The World of the Salt Marsh: Appreciating and Protecting the Tidal Marshes of the Southeastern Atlantic Coast

Overview


The World of the Salt Marsh is a wide-ranging exploration of the southeastern coast—its natural history, its people and their way of life, and the historic and ongoing threats to its ecological survival.

Focusing on areas from Cape Hatteras, North Carolina, to Cape Canaveral, Florida, Charles Seabrook examines the ecological importance of the salt marsh, calling it “a biological factory without equal.” Twice-daily tides carry in a supply of nutrients that nourish vast meadows ...

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The World of the Salt Marsh: Appreciating and Protecting the Tidal Marshes of the Southeastern Atlantic Coast

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Overview


The World of the Salt Marsh is a wide-ranging exploration of the southeastern coast—its natural history, its people and their way of life, and the historic and ongoing threats to its ecological survival.

Focusing on areas from Cape Hatteras, North Carolina, to Cape Canaveral, Florida, Charles Seabrook examines the ecological importance of the salt marsh, calling it “a biological factory without equal.” Twice-daily tides carry in a supply of nutrients that nourish vast meadows of spartina (Spartina alterniflora)—a crucial habitat for creatures ranging from tiny marine invertebrates to wading birds. The meadows provide vital nurseries for 80 percent of the seafood species, including oysters, crabs, shrimp, and a variety of finfish, and they are invaluable for storm protection, erosion prevention, and pollution filtration.

Seabrook is also concerned with the plight of the people who make their living from the coast’s bounty and who carry on its unique culture. Among them are Charlie Phillips, a fishmonger whose livelihood is threatened by development in McIntosh County, Georgia, and Vera Manigault of Mount Pleasant, South Carolina, a basket maker of Gullah-Geechee descent, who says that the sweetgrass needed to make her culturally significant wares is becoming scarcer.

For all of the biodiversity and cultural history of the salt marshes, many still view them as vast wastelands to be drained, diked, or “improved” for development into highways and subdivisions. If people can better understand and appreciate these ecosystems, Seabrook contends, they are more likely to join the growing chorus of scientists, conservationists, fishermen, and coastal visitors and residents calling for protection of these truly amazing places.

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Editorial Reviews

From the Publisher

“The potential impact of The World of the Salt Marsh on society will be similar to the impact Silent Spring and A Sand County Almanac had in their time. Seabrook is a natural storyteller, and the book should be enjoyed by anyone with an interest in life along our coasts.”—Fred Holland, former director of NOAA’s Hollings Marine Laboratory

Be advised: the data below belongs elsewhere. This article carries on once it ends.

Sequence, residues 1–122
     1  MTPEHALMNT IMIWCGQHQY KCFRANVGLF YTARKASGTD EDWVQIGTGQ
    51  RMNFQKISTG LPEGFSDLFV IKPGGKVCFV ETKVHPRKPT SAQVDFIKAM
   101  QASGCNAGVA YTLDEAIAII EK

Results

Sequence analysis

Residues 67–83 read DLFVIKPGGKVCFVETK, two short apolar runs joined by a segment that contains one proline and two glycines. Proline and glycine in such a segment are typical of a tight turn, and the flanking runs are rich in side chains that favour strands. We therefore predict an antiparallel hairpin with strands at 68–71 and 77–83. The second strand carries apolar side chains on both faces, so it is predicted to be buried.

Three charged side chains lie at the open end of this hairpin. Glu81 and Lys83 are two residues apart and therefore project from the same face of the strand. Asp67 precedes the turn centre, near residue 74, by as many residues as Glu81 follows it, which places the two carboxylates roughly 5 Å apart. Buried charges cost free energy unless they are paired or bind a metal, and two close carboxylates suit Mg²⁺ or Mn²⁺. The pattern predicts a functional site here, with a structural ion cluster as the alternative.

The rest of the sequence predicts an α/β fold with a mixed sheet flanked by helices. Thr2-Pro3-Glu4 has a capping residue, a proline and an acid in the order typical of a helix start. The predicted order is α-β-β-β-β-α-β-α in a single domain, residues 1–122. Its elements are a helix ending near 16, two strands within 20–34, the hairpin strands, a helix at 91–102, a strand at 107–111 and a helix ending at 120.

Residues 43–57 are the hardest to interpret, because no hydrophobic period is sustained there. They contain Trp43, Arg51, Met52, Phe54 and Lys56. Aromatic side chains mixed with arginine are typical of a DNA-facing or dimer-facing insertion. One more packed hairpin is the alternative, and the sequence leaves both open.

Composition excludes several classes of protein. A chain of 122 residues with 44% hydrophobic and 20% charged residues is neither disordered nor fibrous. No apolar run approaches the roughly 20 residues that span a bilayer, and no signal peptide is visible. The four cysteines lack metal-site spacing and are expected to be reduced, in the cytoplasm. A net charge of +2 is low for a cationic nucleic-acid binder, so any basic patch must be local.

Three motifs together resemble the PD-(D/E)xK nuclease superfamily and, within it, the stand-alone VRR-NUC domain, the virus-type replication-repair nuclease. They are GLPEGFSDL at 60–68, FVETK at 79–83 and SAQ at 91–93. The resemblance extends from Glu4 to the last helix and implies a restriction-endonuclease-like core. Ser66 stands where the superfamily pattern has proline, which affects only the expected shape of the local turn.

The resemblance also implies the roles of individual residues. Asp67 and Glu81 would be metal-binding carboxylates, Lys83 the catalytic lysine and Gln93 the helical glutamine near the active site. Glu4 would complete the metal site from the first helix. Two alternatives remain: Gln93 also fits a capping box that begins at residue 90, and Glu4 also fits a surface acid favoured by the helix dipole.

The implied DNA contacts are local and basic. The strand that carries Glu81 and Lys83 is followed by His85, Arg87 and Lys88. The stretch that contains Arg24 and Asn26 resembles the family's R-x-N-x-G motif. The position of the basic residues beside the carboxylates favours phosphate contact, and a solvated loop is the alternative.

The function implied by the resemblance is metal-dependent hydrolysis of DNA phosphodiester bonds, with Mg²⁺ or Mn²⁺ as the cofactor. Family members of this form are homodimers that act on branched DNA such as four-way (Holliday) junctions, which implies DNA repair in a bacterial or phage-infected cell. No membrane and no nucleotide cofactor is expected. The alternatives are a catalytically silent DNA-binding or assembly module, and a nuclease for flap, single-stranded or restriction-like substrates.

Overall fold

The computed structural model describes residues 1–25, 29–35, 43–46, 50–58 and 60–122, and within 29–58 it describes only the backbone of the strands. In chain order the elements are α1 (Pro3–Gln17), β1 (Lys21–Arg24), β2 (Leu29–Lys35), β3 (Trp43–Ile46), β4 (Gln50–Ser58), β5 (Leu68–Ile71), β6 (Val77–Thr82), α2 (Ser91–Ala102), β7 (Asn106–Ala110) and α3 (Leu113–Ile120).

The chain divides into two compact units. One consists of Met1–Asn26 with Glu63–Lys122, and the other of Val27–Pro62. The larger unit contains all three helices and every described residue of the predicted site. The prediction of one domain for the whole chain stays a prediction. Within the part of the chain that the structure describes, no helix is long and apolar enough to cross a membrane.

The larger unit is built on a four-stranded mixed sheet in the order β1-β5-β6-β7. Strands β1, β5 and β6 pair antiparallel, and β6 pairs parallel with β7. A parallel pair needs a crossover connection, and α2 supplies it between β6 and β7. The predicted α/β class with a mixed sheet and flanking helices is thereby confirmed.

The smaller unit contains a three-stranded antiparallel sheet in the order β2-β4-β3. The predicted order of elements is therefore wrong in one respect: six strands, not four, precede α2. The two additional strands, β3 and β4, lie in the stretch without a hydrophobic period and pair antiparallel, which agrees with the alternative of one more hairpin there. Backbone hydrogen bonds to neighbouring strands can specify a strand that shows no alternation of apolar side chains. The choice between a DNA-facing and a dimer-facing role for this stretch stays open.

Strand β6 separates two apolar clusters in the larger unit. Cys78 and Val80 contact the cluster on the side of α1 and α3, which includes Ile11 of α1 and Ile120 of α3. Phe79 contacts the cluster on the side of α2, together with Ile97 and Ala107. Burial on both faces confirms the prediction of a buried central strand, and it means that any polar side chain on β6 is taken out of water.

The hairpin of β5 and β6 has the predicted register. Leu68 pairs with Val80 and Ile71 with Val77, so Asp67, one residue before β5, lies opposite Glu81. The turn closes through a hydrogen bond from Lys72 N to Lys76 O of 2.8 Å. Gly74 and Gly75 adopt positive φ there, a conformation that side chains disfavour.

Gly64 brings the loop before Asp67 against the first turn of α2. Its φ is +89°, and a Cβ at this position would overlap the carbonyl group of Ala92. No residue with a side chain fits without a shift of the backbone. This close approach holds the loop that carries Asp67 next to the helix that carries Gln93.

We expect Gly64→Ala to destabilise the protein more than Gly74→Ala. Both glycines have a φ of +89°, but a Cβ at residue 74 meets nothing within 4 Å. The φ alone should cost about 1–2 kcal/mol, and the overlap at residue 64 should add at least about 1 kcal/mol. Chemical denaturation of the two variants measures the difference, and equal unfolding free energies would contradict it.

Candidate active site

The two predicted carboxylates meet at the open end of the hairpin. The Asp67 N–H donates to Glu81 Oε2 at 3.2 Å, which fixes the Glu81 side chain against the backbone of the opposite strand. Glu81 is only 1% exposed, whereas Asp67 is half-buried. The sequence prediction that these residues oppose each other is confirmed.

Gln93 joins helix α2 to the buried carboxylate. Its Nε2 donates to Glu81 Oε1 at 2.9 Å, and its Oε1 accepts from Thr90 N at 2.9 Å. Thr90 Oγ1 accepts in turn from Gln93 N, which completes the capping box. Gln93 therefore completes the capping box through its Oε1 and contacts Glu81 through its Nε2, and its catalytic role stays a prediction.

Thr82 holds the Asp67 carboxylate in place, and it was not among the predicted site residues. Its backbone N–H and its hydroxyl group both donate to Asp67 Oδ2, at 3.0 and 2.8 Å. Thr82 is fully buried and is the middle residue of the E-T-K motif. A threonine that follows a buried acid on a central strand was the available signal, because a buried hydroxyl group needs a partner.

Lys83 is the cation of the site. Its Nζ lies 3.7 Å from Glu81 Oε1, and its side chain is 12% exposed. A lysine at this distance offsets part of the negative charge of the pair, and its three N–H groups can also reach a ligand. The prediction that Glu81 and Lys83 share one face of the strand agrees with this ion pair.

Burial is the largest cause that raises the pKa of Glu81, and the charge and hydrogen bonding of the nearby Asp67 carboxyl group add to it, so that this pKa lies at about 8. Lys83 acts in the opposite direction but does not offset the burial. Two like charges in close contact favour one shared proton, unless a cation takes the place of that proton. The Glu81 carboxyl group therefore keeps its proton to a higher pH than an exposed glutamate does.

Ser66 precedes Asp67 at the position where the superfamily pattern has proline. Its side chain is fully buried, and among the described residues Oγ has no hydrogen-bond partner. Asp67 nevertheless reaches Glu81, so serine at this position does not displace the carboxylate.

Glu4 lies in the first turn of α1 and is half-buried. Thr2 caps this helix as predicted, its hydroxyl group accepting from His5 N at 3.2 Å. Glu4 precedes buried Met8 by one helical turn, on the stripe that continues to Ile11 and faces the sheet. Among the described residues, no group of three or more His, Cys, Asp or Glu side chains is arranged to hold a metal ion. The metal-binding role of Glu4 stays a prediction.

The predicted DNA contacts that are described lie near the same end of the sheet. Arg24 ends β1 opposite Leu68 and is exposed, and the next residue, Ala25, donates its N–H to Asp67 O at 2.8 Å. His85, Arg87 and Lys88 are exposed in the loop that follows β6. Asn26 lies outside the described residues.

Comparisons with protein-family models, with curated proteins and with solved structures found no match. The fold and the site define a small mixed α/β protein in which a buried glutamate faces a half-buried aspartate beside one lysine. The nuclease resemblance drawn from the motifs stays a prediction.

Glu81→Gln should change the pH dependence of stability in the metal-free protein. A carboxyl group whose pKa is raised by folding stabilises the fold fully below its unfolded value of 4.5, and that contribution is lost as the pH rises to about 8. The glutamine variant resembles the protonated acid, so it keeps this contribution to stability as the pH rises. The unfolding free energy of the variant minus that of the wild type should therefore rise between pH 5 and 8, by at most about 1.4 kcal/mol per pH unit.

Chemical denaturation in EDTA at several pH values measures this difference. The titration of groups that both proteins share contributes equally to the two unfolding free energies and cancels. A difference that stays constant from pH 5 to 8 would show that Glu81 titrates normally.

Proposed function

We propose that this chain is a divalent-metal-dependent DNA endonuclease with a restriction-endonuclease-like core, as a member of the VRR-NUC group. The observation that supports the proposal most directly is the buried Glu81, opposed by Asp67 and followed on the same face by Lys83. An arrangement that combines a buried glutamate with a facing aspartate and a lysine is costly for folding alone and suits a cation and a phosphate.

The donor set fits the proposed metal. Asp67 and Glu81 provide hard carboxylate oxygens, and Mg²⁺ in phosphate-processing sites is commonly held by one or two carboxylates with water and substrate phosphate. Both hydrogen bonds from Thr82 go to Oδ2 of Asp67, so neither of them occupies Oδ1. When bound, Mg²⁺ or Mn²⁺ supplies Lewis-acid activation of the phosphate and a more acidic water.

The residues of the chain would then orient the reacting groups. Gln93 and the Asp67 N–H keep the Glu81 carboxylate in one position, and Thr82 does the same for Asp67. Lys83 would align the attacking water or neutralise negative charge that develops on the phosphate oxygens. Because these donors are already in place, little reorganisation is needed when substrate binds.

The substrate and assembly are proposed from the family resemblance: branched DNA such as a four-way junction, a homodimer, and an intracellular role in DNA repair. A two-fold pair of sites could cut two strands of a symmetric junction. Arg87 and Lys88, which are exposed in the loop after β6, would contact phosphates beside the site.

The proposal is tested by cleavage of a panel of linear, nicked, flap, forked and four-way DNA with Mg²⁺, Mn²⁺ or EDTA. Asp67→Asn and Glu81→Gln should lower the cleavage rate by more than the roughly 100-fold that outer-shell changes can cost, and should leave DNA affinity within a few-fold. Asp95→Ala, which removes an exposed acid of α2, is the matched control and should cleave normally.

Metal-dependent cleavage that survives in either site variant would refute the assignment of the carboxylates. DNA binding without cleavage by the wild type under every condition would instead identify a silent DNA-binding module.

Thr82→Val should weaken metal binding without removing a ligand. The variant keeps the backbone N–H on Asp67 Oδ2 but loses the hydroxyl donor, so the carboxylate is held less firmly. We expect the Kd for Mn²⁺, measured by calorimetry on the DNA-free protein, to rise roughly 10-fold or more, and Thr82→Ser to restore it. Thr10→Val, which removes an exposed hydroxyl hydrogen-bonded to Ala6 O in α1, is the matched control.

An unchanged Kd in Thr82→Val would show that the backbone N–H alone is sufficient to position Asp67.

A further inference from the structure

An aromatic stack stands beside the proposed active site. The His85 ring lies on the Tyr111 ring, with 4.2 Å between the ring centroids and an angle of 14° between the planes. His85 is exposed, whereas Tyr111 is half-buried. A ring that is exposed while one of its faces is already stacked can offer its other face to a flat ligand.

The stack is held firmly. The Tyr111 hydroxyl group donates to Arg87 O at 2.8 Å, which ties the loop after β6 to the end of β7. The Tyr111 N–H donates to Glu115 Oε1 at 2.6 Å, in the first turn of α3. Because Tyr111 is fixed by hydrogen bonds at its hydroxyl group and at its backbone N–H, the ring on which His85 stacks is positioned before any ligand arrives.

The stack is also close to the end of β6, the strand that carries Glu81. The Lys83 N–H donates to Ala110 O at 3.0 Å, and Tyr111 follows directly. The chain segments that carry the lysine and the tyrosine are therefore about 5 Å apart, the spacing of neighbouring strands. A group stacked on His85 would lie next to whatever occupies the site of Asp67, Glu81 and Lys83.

"Charles Seabrook spent his childhood next to a marsh, and in this marvelous and insightful book he shares his intimate knowledge and his love of these unique green meadows that fill the sounds and bays behind barrier islands. With numerous interviews of scientists and colorful local characters and with Seabrook as our guide, we envision the geologic history of the lower coastal plain of the southeastern U.S., see the sights, observe the plants and animals, hear the sounds, and even smell the smells of the marshes. Irrevocably intertwined with nature here is the fascinating cultural history from Native Americans through the slave culture of the plantations right up to the environmental impact of today’s human rush to the shore. Breathtaking in its scope and highly readable, this book is a must-read for those interested in coasts and concerned for their future."—Orrin H. Pilkey, coauthor of The World's Beaches: A Global Guide to the Science of the Shoreline

“Told through the life experiences of his friends and colleagues—fisherman, crabbers, oystermen and other—the author’s story frequently returns to his main theme: the destruction of this important environmental resource. . . . [Including] history, a summary of contemporary scientific research and current legislative initiatives. . . . [The World of the Salt Marsh is] another excellent wake-up call about the need to prevent the destruction of our natural environment.”—Kirkus Reviews

"You can read The World of the Salt Marsh cover to cover, or dip into it at random, but be prepared to get hooked at any point. The Wild Georgia columnist is a most entertaining and knowledgeable tour guide, whether nibbling a saltwort leaf that resembles a 'moist potato chip' and tastes 'great in stuffed crab'; teaching an impromptu lesson on how to wriggle out of quicksand-like 'pluff mud' by 'belly-crawling' across it; or in his description of the imperiled diamondbacked terrapin: 'Imagine a reptile with the dreamy eyes of a golden retriever and the unassuming face of a manatee. Add the docile temperament of a lamb and the beauty of a seashell.'"—Gina Webb, Atlanta Journal-Constitution